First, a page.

Professor of Communication
1140A Behavioral Sciences Building
Professor Jones teaches Introduction to Communication, Communication Technology, Mass Communication, and Society and Media Studies. He has been with UIC for nine years. His past teaching experience includes the University of Tulsa and the University of Wisconsin-Eau Claire.
His advice to first-year students is to do stuff. No matter what it is, if you’re interested in it, try it. His interests and hobbies include tennis and music.
A. Lewis Licht
Emeritus Professor of Physics
2154 Science and Engineering South
Professor Licht teaches undergraduate and graduate physics courses. He has been at UIC for 36 years. Past teaching experiences of note include bringing his dog to demonstrate velocity. He was very bashful with the whole class watching him, and it took him ten seconds to cover two meters. One freezing February, he took some students up to Alberta, Canada, to see a total eclipse of the sun, and it was warmer in Canada.
His advice for first-year students is to do your homework, ask questions, and think. His interests and hobbies include backpacking and swimming.
Clinical Assistant Professor of Movement Sciences
3146 Science and Engineering South
Dr. Marone teaches Human Physiological Anatomy I and II and Cadaver Dissection. She previously taught biology and pharmacology at Oakton Community College. She has been at UIC for sixteen years. Her first few years at UIC were working with Dr. Hickson on a project involving the effects of exercise and glucocorticoids on thecytochrome c oxidase enzyme from 1990 to 1993. She left on maternity leave for 1993-1994, then taught at Oakton in 1994-95. Professor Marone returned to UIC in January 1995 to teach part-time in the Department of Kinesiology.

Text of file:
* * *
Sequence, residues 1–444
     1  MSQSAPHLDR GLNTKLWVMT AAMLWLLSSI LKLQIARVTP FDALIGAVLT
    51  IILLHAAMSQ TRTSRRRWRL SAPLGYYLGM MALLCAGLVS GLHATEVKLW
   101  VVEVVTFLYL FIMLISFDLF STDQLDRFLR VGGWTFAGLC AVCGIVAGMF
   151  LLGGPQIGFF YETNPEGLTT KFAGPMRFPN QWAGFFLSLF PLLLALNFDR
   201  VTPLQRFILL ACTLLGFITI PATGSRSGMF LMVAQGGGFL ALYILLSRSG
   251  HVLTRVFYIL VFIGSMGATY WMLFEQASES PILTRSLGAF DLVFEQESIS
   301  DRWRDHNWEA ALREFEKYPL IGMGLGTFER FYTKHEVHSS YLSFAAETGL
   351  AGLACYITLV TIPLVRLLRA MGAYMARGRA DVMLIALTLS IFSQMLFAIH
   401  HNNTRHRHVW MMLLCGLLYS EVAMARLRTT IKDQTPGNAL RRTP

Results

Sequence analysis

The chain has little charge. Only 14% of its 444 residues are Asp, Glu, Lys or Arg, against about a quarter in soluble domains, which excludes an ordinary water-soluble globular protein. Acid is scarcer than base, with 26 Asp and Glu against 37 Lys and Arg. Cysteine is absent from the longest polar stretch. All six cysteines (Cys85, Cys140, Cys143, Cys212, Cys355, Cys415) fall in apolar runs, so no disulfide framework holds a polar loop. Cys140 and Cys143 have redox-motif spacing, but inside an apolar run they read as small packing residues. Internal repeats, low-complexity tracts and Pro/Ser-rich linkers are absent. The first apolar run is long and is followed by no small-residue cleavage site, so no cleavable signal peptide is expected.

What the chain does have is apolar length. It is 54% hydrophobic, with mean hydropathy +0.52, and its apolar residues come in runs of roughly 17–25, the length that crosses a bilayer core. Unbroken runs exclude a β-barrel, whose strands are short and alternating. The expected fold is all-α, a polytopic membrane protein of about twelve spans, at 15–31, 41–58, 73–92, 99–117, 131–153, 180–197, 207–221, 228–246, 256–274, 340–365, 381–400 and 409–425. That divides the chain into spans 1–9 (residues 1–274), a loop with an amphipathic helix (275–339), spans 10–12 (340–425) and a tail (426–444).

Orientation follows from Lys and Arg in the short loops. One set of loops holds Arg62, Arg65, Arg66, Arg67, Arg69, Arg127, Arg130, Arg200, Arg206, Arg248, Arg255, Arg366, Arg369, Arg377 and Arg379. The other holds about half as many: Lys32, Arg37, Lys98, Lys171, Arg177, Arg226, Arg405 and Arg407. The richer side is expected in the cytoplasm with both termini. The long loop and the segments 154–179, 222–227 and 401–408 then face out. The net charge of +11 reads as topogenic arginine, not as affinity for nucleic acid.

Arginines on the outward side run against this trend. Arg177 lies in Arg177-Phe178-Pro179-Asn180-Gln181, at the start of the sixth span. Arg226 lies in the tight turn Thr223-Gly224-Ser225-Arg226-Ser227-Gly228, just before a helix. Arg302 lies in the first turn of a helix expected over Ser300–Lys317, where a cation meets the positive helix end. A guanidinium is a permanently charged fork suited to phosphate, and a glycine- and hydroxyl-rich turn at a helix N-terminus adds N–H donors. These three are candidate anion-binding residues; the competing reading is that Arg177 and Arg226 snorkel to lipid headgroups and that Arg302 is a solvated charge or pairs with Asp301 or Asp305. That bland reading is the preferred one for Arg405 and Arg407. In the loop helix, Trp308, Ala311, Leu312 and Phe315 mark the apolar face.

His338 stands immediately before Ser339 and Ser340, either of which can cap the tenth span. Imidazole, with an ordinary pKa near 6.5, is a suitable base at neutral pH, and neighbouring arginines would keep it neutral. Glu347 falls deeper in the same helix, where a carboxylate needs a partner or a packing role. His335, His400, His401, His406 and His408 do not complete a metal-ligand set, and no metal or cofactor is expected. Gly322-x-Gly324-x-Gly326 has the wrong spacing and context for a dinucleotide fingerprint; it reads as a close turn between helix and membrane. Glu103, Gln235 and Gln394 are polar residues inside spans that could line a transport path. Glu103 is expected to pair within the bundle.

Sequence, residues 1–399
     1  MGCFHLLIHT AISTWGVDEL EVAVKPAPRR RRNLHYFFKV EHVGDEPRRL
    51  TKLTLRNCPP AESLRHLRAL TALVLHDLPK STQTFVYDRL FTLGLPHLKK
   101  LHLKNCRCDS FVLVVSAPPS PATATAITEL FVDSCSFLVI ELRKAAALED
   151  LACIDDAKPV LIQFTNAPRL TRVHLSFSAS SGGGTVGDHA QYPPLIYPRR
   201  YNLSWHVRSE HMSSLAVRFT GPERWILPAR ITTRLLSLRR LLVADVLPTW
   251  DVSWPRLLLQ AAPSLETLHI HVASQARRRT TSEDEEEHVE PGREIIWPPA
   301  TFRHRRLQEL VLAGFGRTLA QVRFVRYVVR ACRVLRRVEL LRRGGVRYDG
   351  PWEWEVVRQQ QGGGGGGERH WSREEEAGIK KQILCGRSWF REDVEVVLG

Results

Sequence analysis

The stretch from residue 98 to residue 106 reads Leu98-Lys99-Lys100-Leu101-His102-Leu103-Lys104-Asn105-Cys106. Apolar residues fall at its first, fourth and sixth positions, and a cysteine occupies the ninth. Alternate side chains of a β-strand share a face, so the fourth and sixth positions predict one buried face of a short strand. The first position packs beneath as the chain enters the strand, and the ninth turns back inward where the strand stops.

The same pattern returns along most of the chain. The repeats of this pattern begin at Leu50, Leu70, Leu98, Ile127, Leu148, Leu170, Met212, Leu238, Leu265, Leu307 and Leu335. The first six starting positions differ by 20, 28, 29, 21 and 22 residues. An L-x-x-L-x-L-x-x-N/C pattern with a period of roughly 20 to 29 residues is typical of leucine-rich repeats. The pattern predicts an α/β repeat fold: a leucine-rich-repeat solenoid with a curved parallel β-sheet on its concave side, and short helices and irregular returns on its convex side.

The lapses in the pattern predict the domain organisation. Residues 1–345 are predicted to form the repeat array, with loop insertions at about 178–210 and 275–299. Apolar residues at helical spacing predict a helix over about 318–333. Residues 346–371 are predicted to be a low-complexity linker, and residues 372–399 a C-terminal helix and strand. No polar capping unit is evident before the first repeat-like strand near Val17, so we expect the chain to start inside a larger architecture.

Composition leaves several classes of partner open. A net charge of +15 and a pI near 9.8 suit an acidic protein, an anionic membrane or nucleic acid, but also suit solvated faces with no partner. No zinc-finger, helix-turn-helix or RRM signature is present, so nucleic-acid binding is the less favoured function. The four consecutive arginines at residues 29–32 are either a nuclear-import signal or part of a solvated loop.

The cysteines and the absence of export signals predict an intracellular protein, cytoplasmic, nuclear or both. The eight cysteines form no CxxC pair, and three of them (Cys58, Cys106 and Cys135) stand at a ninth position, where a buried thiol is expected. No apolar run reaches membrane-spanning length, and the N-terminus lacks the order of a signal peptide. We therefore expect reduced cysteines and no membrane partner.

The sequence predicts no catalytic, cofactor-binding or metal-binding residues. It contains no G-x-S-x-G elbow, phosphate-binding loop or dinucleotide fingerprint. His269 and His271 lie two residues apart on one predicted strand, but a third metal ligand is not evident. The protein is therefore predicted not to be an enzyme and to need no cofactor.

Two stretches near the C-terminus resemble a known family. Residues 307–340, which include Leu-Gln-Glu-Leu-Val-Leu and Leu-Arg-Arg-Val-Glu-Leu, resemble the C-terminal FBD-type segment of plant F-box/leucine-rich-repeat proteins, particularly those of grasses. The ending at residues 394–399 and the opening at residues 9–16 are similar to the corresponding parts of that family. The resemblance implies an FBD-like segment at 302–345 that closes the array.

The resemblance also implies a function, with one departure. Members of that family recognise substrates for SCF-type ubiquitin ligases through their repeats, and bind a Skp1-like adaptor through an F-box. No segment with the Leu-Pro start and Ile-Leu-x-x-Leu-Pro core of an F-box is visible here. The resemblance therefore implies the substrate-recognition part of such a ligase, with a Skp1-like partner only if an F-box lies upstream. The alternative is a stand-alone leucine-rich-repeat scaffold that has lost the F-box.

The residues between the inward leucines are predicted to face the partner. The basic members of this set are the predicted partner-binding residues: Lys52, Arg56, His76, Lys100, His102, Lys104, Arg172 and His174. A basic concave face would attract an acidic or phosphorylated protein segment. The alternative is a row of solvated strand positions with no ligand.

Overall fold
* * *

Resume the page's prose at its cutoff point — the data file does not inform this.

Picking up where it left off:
Dr. Marone worked with the department to modify and develop the undergraduate curriculum to better meet the needs of students entering fields in health care. In her teaching, she has incorporated some educational research with her classes. This is in an attempt to address how people learn and assist students in developing tools which will assist them in better grasping concepts taught in physiology and anatomy. She is doing research now with Dr. Grabiner in the Biomechanics Lab on standing balance. She also gives numerous guest lectures within the department and college.
Professor Marone’s advice to first-year students is not to get behind in course work. Don't be intimidated by the professors. (We are human, believe it or not.) Look for opportunities to develop leadership skills in the areas of your interest and, most of all, take time to enjoy the city of Chicago and the many activities that UIC has to offer.
Professor Marone’s interests are athletic: triathlons, and outdoor recreation, such as hiking and canoeing, as well as exploring museums and historic sites when possible. She is very family oriented, so much of her spare time is spent with her two daughters, Abigail, 14, and Jessica, 12, and her husband. Her activities generally include the after-school sport and community programs her children are involved in.
Professor of Spanish
1721 University Hall